Hell to Pay

Sir William Blackstone wrote a list of commentaries based on British law.  Those commentaries, written immediately before our revolution, were highly significant to American Founders and subsequent lawmakers in determining how our Republic should proceed.  They were entitled Commentaries on the Laws of England.

In 1803, St. George Tucker wrote the American version of Blackstone’s Commentaries, adding the accumulated wisdom accumulated in the Constitutional Convention and first Congresses of the United States.  Tucker observed that to choose a representative is to give up nothing in our rights or opinions . . . “Otherwise, by whatever denomination the government may be called, it is a confirmed aristocracy, in which the people have nothing more to do than to choose their ruler, over  whose proceedings, however despotic, and repugnant to the nature and principles of the fundamental laws of the state, they have no control.

Our elections appear to be representative.  We do seem to freely choose between candidates.  (Though to our shame we almost always pick from just two Partisans whose main message is a statement of why not to vote for the “other one.”)  But what then?  Do representatives then go on to represent us?  No.  They clearly represent the Party, their personal interests, petty rivalries, and a host of Constitutionally restrained or denied powers.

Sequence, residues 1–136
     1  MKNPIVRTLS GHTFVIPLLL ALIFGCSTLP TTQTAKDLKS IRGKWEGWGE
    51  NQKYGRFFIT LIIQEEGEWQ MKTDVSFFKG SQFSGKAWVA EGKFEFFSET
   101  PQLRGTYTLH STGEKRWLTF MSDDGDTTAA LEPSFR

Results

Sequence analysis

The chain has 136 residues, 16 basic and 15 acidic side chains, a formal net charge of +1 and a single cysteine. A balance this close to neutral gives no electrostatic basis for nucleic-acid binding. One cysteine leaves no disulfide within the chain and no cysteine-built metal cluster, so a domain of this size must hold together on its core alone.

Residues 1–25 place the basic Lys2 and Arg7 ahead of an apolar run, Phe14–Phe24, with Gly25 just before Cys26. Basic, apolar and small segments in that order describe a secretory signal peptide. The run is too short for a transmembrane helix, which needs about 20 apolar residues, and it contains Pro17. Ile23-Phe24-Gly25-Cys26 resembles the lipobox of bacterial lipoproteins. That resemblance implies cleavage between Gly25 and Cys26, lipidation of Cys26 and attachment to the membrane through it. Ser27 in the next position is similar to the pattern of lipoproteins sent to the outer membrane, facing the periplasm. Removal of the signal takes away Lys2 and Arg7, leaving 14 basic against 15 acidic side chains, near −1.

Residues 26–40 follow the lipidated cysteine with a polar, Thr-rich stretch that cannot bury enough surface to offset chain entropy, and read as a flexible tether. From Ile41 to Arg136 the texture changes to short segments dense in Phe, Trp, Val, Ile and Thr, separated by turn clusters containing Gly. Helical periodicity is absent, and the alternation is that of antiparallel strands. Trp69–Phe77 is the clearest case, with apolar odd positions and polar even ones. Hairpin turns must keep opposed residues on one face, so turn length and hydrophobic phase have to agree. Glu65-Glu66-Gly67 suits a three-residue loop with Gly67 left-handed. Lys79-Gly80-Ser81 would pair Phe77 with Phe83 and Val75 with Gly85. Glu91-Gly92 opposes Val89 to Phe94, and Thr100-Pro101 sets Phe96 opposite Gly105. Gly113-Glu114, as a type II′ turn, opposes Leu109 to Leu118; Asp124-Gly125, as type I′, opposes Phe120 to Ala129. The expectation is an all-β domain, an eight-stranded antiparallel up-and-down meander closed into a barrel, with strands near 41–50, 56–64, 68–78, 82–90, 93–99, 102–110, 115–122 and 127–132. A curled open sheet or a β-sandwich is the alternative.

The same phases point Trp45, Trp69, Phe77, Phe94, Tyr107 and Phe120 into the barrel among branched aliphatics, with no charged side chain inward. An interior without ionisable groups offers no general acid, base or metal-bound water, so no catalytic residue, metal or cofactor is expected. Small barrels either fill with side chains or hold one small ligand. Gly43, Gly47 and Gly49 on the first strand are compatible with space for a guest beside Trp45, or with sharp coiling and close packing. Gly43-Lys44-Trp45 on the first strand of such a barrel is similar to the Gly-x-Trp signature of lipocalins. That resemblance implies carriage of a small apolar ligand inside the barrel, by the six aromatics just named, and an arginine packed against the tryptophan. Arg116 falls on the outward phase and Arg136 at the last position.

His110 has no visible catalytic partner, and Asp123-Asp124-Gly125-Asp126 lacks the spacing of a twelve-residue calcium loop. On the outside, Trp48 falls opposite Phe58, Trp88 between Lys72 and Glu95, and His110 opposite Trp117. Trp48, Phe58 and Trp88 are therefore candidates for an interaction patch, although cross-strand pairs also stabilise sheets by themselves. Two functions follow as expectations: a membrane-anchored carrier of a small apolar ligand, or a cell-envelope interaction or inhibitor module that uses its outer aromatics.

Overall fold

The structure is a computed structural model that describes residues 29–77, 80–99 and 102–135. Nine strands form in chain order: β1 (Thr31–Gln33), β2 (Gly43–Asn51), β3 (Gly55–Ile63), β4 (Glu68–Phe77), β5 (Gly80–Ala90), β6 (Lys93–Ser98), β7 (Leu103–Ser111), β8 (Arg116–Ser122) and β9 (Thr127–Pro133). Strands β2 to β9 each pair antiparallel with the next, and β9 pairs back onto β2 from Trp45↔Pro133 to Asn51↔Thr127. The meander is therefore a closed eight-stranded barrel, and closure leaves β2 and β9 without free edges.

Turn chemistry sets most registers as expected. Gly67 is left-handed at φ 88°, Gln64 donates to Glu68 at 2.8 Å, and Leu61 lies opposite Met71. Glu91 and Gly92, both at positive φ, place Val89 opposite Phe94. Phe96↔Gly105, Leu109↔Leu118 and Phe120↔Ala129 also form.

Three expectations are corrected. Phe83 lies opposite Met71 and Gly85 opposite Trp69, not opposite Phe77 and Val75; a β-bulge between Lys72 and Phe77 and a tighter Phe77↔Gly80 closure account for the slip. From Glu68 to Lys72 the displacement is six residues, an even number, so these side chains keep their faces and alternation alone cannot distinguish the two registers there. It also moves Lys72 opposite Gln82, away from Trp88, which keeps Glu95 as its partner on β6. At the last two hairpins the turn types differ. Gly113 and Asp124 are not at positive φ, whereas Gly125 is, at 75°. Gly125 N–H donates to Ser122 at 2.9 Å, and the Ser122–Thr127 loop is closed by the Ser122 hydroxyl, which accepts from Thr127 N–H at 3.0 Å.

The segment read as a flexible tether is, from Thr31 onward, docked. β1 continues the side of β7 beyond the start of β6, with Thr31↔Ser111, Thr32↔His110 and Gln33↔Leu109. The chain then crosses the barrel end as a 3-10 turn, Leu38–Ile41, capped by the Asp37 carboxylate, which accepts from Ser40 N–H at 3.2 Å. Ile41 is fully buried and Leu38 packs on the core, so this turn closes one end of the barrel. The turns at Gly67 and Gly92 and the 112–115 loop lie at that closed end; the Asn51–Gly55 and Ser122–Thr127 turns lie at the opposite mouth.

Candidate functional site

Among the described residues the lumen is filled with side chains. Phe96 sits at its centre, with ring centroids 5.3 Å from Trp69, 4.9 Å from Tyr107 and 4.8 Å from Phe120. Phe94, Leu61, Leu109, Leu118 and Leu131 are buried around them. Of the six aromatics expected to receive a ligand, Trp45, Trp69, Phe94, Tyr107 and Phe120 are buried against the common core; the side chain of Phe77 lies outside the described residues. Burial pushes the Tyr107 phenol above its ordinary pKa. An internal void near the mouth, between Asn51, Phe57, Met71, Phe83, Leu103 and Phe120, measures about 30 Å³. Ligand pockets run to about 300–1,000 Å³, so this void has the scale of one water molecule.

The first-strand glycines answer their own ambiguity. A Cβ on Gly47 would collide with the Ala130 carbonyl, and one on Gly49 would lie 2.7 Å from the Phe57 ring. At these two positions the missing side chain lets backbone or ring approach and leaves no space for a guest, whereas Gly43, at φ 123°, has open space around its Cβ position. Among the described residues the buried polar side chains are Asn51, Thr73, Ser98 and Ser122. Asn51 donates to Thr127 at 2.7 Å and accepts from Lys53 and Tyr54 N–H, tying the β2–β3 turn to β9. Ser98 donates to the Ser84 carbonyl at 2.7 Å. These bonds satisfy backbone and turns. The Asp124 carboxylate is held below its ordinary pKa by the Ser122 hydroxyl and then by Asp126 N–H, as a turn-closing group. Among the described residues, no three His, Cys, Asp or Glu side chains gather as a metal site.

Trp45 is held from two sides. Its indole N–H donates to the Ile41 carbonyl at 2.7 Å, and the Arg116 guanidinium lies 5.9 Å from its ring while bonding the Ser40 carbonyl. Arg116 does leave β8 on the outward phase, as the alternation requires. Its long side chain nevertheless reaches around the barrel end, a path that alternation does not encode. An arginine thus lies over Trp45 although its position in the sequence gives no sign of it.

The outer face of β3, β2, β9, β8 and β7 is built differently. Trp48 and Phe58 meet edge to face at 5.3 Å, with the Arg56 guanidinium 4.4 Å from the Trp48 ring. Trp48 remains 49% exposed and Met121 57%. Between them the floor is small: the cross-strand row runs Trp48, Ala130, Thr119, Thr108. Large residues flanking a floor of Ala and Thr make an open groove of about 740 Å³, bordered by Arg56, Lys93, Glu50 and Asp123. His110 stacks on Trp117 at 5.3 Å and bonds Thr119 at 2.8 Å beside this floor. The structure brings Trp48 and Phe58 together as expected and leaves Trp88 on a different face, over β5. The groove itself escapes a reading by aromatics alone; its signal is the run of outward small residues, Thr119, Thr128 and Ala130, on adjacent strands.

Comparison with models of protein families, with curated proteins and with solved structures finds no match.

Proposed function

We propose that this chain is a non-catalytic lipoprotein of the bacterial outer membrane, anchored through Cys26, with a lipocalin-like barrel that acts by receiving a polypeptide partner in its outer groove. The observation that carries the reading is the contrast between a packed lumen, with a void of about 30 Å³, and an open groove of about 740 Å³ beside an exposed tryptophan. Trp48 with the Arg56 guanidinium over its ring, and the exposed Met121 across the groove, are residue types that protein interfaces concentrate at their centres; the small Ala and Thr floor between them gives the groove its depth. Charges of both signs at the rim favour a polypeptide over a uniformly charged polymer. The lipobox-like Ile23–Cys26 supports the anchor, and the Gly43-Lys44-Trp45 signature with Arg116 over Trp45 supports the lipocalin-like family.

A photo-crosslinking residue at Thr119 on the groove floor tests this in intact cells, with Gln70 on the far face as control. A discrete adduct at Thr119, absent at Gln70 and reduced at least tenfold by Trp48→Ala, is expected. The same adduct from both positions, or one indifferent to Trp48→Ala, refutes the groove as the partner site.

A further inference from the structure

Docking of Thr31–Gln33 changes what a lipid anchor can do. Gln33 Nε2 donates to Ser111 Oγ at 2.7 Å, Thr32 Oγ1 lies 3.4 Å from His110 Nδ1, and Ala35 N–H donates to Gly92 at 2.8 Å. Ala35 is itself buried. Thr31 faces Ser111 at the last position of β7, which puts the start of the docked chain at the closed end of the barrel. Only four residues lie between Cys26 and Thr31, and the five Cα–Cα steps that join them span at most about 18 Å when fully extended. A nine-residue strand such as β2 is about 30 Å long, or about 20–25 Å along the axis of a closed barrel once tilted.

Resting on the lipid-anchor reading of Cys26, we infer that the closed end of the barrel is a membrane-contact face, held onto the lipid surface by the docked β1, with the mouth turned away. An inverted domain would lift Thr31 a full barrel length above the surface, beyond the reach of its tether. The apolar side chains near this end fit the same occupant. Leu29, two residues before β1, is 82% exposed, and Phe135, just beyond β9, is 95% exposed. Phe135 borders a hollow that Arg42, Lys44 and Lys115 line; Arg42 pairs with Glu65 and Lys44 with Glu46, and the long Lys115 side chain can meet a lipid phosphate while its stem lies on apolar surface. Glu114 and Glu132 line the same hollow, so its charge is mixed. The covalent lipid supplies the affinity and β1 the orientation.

Some powers, Tucker says, “on the one hand, are extended to certain objects, as to lay and collect taxes, duties, etc., so on the other they are clearly limited and restrained; as that no tax or duty shall be laid on articles exported from any state nor any preference given by any regulation of commerce or revenue to the ports of one state over those of another, etc.  These, and several others, are objects to which the power of the legislature does not extend; and should congress be so unwise as to pass an act contrary to these restrictions, the other powers of the state are not bound to obey the legislative power in the execution of their several functions, as our author expresses it: but the very reverse is their duty, being sworn to support the constitution, which unless they do in opposition to such encroachments, the constitution would indeed be at an end.

Most Americans appear to be either baffled or in denial that we already experienced that end, and completely unwilling to reclaim the nation for ourselves.  At this point, there is already hell to pay.  The question is, who will pay it?




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